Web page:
• OMB’s website, www.Reginfo.gov, provides data on the number of “significant” rules that OMB reviews each year (but not on the number of those rules that agencies issue each year). The data on OMB reviews show that the number of such rules reviewed each year is approximately in the range of 100-250; this is likely very similar to the number of such final rules issued each year [footnote 37].

Total Cost of Regulations

  • Congressional Research Service. Maeve P. Carey. Methods of Estimating the Total Cost of Federal Regulations. January 21, 2016. Scholars and governmental entities estimating the total cost of regulation use one of two methods, which are referred to as the “bottom-up” and the “top-down” approach. The bottom-up approach aggregates individual cost and benefit estimates produced by agencies, arriving at a governmentwide total.
    • Bottom-Up Estimates. In 2014, the annual report to Congress from the Office of Management and Budget estimated the total cost of federal regulations to range between $68.5 and $101.8 billion and the total benefits to be between $261.7 billion and $1,042.1 billion (2014 dollars).
    • Top-Down Estimates. The top-down approach estimates the total cost of regulation by looking at the relationship of certain macroeconomic factors, including the size of a country’s economy and a proxy measure of how much regulation the country has. This method estimates the economic effect that a hypothetical change in the amount of regulation in the United States might have, considering that economic effect to represent the cost of regulation. One frequently cited study estimated the total cost of regulation in 2014 to be $2.028 trillion, $1.439 trillion of which was calculated using this top-down approach.
  • Office of Management and Budget (2014). 2014 Report to Congress on the Benefits and Costs of Federal Regulations and Unfunded Mandates on State, Local, and Tribal Entities This is the latest complete report available; the draft report for 2015 was released 10.16.15. Note that annual OIRA reports on the benefits and costs of federal regulations going back to 1997 all can be retrieved from this page. The most widely-reported bottom-up estimate of federal regulatory costs, although it is limited by being restricted to major rules adopted within the past 10 years.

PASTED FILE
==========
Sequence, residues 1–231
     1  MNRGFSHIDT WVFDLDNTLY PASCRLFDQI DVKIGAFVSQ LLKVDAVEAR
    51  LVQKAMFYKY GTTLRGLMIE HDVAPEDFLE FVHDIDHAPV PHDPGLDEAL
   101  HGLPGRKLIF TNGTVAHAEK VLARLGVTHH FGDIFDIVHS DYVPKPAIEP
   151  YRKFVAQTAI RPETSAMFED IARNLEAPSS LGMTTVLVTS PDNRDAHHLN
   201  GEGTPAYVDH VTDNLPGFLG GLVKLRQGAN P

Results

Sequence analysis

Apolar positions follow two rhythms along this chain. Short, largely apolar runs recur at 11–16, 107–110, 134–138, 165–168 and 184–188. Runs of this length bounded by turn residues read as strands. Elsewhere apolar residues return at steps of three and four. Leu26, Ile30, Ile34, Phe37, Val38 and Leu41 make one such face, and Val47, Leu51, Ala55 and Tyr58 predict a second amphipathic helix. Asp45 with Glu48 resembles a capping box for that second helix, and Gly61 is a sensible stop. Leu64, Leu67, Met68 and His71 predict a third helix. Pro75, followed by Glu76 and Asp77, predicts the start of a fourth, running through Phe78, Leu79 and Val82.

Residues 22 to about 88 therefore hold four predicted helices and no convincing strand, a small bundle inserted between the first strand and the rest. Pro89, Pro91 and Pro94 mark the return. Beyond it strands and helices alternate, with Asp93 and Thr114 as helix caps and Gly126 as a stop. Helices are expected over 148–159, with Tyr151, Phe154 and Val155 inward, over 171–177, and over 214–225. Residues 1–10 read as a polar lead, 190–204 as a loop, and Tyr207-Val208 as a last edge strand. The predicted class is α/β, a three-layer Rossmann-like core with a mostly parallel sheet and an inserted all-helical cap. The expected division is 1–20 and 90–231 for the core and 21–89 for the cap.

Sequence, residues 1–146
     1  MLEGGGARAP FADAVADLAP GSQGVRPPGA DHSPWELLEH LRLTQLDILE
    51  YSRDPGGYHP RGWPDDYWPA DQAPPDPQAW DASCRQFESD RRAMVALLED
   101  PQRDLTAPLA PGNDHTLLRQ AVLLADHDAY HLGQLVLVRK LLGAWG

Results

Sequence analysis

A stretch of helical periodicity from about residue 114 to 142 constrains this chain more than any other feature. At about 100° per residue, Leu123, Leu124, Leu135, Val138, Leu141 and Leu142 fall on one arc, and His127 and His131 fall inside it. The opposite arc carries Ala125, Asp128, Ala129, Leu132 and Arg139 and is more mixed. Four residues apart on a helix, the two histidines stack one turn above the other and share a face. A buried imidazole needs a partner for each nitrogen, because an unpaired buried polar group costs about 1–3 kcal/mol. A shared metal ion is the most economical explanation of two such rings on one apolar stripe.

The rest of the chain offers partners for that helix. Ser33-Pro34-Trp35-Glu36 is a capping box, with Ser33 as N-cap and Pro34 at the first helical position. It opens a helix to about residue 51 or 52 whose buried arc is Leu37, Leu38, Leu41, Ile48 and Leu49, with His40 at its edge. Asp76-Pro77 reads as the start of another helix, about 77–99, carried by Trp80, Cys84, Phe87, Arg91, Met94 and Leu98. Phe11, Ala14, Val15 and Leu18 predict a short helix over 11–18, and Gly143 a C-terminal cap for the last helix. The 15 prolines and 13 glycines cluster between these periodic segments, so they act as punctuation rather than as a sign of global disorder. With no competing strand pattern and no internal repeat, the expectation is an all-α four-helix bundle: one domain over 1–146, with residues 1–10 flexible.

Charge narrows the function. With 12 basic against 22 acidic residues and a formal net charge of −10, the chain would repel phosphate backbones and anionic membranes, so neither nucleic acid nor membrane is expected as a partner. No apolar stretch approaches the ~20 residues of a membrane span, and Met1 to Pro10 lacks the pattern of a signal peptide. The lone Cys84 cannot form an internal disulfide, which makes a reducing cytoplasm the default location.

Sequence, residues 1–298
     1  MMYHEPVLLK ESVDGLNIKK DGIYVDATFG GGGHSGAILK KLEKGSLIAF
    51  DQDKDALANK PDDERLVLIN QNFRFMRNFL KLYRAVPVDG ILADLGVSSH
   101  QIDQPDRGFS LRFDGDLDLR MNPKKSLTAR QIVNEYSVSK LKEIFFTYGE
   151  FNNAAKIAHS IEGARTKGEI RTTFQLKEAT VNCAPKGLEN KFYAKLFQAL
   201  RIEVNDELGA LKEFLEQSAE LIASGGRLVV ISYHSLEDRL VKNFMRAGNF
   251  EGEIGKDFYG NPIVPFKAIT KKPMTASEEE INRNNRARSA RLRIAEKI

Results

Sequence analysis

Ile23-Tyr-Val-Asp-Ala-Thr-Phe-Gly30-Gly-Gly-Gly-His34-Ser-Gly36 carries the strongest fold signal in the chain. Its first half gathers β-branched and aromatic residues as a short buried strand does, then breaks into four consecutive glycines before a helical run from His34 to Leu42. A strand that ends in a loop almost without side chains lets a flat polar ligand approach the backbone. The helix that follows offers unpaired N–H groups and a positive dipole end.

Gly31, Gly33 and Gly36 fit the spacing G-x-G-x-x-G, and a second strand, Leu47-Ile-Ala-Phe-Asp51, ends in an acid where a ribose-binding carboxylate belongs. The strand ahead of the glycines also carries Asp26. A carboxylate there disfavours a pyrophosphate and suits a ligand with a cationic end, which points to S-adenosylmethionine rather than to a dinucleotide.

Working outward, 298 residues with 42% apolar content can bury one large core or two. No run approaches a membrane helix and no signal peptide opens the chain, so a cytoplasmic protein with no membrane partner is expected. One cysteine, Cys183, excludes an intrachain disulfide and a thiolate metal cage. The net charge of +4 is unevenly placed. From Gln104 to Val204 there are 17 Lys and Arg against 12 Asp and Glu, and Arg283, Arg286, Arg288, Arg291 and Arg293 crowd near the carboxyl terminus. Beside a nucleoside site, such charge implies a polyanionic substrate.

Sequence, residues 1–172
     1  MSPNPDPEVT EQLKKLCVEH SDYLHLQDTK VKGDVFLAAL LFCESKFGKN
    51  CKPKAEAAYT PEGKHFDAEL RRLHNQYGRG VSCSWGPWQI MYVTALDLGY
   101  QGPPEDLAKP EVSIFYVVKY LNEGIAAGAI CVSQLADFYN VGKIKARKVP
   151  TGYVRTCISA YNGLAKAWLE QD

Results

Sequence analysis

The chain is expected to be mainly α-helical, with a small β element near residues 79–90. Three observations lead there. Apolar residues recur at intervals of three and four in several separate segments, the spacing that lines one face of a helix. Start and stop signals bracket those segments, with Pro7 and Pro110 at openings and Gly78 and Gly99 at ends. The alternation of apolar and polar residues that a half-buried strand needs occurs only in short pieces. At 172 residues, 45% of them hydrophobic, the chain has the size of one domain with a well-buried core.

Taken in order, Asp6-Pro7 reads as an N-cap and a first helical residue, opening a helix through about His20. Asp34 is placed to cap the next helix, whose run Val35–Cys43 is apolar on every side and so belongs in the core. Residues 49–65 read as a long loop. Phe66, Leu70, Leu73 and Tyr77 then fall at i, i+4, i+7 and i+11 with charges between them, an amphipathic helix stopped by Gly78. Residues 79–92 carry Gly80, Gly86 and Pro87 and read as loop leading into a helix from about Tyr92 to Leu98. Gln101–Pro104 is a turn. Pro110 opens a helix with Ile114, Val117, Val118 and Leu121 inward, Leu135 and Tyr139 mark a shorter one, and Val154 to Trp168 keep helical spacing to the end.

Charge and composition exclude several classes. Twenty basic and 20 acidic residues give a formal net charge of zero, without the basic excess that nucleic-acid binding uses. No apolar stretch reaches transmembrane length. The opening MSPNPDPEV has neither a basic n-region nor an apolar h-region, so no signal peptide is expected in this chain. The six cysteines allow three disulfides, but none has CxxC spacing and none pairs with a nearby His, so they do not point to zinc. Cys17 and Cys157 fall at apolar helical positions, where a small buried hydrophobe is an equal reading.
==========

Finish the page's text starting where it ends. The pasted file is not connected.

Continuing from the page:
• W. Mark Crain and Nicole V. Crain (2014). The Cost of Federal Regulation to the U.S. Economy, Manufacturing and Small Business, A Report for the National Association of Manufacturers, September 10, 2014.  One of the most prominent examples of the top-down approach, although it is not a purely top-down measure of the cost of regulations. It combines a top-down estimate—their estimate of the cost of economic regulation—with a bottom-up estimate of environmental, tax compliance, occupational safety, and homeland security regulation. However, the estimate of the cost of economic regulation resulting from their top-down methodology is almost 75% of the total estimate, totaling $1.439 trillion out of $2.028 trillion in the 2014 study [footnote 71].
  • John W. Dawson and John J. Seater. Federal Regulation and Aggregate Economic GrowthJournal of Economic Growth. January 2013″Regulation’s overall effect on output’s growth rate is negative and substantial. Federal regulations added over the past fifty years have reduced real output growth by about two percentage points on average over the period 1949-2005. That reduction in the growth rate has led to an accumulated reduction in GDP of about $38.8 trillion as of the end of 2011. That is, GDP at the end of 2011 would have been $53.9 trillion instead of $15.1 trillion if regulation had remained at its 1949 level. One channel through which regulation has reduced output is TFP. We find that federal regulation can explain much of the famous and famously puzzling productivity slowdown of the 1970s.”
  • W. Mark Crain and Thomas D. Hopkins (2001). The Impact of Regulatory Costs on Small Firms: A Report for the Office of Advocacy, U.S. Small Business Administration 2001.
  • Thomas D. Hopkins (1995). Profiles in Regulatory Costs: Report to the U.S. Small Business Administration. November 1995.

Monetizing Intangible Effects of Regulations

Monetizing Life and Health Impacts

  • Curtis W. Copeland. How Agencies Monetize “Statistical Lives” Expected to Be Saved By Regulations, CRS Report R41140.
  • Robinson, Lisa A. How US Government Agencies Value Mortality Risk Reductions (9.23.08).
  • Viscusi, W. Kip. Monetizing the Benefits of Risk and Environmental Regulation. Fordham Urban Law Journal, vol. 33, no. 4 (2005).
  • Viscusi, W. Kip.  What’s to Know? Puzzles in the Literature on the Value of a Statistical Life. Journal of Economic Surveys, vol. 26, no. 5 (2011).

Accuracy of Regulatory Impact Assessments

  • Winston Harrington, Richard D. Morganstern, and Peter Nelson. On the Accuracy of Regulatory Cost Estimates. Journal of Policy Analysis and Management, vol. 19, no. 2 (Spring 2000), pp. 297-322. Authors compared ex ante studies to ex post studies and found that agencies frequently overestimated both costs and benefits of regulations [footnote 58].